Carlie Hanson. Credit: Jaxon Dobbins
For most people looking back at being 18 is like looking at a younger, though very similar, version of ourselves. We were just getting out of high school and working on getting into colleges, likely still at our parent’s homes. The story is a bit different for musician Carlie Hanson. But for all intents and purposes, we must go back even further, in this case, around age 16. At 16 Hanson was working at a McDonald’s in the small town of La Crosse, Wisconsin. It’s okay if you’ve never heard of it before; the population is a mere 51,834 (according to 2017 data).
For Hanson, there was a whole new world to be discovered, especially after deciding to make music. So, she packed her bags and moved to Los Angeles to make it big. More importantly, she’s already making stride. She’s gone out on tour with Troye Sivan and now with the artist Gnash, whom will be performing with Hanson this Sunday, January 13th, at the House of Blues. I spoke with Hanson about finding fame, quitting the fast food industry, and Houston influences.
Coog Radio: You haven’t put out an EP yet, but you have amassed over 60 million streams on the singles you’ve released; I guess my question is, how does that feel?
Carlie Hanson: It is very crazy to think about; it just doesn’t feel real to me. It feels so fucking surreal. When I go onto Spotify and look at my profile and see those numbers, it doesn’t make sense to me. I don’t believe that people have listened to my songs that much. I’m excited to put this out to see what people think of it and how they’ll react.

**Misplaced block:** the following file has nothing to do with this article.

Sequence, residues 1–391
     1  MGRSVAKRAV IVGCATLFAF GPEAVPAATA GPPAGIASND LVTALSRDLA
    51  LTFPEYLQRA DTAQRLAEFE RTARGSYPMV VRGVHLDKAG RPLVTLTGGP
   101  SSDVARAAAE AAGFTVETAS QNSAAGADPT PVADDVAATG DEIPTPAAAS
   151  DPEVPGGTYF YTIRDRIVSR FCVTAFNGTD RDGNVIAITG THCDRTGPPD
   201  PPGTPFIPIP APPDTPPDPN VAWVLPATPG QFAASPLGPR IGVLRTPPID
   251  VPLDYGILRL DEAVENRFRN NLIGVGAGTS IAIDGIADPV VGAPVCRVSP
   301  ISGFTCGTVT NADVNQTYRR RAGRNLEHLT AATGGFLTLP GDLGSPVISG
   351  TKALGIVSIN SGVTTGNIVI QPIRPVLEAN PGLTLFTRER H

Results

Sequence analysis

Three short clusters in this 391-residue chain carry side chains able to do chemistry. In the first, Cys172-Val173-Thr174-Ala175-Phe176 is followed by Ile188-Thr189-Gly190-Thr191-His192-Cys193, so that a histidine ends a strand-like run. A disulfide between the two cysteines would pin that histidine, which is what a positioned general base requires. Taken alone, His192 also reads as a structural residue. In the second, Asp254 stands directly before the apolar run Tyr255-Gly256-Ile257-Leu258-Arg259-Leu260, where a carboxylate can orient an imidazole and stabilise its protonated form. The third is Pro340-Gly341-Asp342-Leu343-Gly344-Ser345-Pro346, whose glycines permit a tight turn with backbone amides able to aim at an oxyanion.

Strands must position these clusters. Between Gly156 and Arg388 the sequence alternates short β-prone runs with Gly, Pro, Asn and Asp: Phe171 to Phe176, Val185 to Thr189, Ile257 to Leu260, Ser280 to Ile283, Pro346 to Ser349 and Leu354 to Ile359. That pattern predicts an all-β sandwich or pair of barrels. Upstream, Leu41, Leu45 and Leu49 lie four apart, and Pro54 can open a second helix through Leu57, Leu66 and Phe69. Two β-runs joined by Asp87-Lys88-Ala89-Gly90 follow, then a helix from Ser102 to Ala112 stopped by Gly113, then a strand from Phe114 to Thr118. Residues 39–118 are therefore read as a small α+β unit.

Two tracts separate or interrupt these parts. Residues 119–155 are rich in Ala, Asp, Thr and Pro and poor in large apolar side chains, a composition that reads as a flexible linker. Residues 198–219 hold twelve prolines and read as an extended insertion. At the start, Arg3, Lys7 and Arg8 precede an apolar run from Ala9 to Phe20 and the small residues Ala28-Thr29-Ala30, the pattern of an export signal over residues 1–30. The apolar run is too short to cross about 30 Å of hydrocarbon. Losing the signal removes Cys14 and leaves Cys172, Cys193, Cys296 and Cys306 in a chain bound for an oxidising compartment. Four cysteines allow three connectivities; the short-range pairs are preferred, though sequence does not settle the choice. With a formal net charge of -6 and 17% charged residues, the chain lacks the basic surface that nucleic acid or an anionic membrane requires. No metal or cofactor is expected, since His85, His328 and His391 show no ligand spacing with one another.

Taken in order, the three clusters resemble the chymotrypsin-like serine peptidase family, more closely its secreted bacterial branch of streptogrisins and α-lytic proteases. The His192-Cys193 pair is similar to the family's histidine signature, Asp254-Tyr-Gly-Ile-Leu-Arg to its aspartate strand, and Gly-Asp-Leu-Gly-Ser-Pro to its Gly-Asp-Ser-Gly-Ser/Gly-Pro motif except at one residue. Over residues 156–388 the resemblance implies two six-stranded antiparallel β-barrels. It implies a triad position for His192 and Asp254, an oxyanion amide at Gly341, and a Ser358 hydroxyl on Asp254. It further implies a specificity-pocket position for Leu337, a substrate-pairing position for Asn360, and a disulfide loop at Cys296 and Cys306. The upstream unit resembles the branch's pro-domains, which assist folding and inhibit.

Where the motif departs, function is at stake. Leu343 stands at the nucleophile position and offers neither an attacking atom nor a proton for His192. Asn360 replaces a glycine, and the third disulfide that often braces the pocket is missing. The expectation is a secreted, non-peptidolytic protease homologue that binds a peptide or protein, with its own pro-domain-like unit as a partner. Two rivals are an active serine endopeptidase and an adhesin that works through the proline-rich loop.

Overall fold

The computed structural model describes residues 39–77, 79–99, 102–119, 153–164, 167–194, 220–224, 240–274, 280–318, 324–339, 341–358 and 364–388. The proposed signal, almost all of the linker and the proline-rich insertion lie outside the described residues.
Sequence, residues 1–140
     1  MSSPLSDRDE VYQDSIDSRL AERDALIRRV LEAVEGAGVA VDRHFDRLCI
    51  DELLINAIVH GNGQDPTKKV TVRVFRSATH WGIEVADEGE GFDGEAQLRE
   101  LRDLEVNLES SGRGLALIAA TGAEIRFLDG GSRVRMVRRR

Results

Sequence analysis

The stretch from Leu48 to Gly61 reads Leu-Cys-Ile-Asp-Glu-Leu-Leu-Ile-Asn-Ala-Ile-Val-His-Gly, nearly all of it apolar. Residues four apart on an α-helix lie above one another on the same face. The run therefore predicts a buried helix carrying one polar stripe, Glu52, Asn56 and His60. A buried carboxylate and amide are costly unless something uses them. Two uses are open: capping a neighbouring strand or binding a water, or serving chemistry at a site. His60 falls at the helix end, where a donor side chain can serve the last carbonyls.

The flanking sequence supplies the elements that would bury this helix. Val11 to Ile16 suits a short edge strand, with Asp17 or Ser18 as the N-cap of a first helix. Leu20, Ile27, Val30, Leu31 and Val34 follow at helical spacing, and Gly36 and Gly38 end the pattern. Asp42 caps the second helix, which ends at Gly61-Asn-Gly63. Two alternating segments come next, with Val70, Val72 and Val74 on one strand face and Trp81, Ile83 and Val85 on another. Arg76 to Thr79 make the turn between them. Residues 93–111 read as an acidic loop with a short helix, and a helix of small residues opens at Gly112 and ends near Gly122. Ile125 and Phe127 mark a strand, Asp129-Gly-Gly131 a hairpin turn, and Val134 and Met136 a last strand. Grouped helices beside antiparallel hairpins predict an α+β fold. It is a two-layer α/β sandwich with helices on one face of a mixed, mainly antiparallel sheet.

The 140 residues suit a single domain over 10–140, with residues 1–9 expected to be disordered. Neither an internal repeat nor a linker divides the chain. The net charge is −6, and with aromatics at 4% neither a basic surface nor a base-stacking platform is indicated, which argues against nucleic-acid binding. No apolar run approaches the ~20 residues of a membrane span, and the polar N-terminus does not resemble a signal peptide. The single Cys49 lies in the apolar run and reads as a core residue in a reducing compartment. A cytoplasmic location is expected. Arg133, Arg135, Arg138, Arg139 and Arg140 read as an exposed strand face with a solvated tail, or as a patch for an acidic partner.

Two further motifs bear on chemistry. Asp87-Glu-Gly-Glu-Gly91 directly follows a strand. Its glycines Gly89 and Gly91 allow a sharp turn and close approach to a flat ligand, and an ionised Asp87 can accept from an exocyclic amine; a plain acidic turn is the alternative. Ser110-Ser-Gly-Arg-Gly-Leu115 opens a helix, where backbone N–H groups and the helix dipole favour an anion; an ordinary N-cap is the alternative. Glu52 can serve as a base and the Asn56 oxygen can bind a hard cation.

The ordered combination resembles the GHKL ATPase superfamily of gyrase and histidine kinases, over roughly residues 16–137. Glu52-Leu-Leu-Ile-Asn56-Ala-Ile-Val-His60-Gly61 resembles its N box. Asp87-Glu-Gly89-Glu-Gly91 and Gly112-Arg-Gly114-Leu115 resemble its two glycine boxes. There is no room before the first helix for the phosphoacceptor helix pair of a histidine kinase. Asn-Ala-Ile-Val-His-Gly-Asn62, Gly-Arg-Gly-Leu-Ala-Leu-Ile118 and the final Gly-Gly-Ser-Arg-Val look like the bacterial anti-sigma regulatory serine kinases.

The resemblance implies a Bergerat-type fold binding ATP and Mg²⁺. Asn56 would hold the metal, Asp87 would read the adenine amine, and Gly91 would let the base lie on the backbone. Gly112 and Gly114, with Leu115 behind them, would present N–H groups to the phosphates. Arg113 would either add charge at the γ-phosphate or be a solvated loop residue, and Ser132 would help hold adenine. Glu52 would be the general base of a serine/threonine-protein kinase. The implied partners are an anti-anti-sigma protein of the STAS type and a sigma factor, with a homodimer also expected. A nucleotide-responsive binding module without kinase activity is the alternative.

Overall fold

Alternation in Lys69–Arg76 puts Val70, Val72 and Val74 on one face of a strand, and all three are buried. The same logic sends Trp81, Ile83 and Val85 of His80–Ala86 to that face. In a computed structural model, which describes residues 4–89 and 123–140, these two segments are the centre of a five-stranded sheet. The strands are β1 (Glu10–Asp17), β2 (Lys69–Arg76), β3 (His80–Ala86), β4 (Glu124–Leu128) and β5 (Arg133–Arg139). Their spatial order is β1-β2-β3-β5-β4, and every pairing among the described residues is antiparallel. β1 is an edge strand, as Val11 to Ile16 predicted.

CR: Have you already had any encounters outside of a venue where someone came up and recognized you?
CH: Not in Los Angeles, but definitely when I go back home to Wisconsin to my hometown La Crosse. Everyone knows who I am there, but the town isn’t very big. I’m pretty well known at home, but not so much in LA yet.
CR: I read that you are 18. It seems like popular music is becoming more dominated by younger performers than others times in the past. And you’ve been at it for a couple of years at this point. Are you glad to see younger people, in a way, taking the throne away from the previous generation?
CH: I really hope so. I had a conversation recently about this. It’s crazy that Khalid is, like, 20 and Billie Eilish is 16, and Lil Skies is, what, 19? There’s so many young kids that are dominating the fucking music industry right now. I really hope that it stays like that, because I feel like the youth has a lot to say and we’re definitely growing into a different time right now. I really hope it stays like that, young people taking over. It’s been really cool to hear the different sounds. Bille Eilish is definitely – she’s 16 and the music she’s making is unreal!
CR: Billie Eilish is a great example. Do you feel like, because you are part of a new generation of young talent, you have to also be super consistent on social media? Was that already your thing or did you have get into that with the music?